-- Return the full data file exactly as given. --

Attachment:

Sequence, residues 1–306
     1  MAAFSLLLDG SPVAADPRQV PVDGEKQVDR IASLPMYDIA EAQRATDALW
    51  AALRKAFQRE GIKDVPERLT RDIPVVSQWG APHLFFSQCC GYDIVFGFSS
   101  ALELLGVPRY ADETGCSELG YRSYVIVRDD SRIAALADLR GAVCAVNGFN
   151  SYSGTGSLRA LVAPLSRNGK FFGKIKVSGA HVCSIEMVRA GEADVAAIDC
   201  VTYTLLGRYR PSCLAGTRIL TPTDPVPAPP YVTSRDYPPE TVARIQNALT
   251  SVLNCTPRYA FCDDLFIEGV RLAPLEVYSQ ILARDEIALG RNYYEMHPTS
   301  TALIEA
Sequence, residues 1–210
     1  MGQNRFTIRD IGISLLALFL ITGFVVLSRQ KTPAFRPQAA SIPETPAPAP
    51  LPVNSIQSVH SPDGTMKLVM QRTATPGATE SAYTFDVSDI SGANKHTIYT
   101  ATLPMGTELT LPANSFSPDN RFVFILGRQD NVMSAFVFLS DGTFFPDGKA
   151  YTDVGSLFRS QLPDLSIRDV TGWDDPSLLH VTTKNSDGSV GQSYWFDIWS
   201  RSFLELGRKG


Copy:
Sequence, residues 1–306
     1  MAAFSLLLDG SPVAADPRQV PVDGEKQVDR IASLPMYDIA EAQRATDALW
    51  AALRKAFQRE GIKDVPERLT RDIPVVSQWG APHLFFSQCC GYDIVFGFSS
   101  ALELLGVPRY ADETGCSELG YRSYVIVRDD SRIAALADLR GAVCAVNGFN
   151  SYSGTGSLRA LVAPLSRNGK FFGKIKVSGA HVCSIEMVRA GEADVAAIDC
   201  VTYTLLGRYR PSCLAGTRIL TPTDPVPAPP YVTSRDYPPE TVARIQNALT
   251  SVLNCTPRYA FCDDLFIEGV RLAPLEVYSQ ILARDEIALG RNYYEMHPTS
   301  TALIEA
Sequence, residues 1–210
     1  MGQNRFTIRD IGISLLALFL ITGFVVLSRQ KTPAFRPQAA SIPETPAPAP
    51  LPVNSIQSVH SPDGTMKLVM QRTATPGATE SAYTFDVSDI SGANKHTIYT
   101  ATLPMGTELT LPANSFSPDN RFVFILGRQD NVMSAFVFLS DGTFFPDGKA
   151  YTDVGSLFRS QLPDLSIRDV TGWDDPSLLH VTTKNSDGSV GQSYWFDIWS
   201  RSFLELGRKG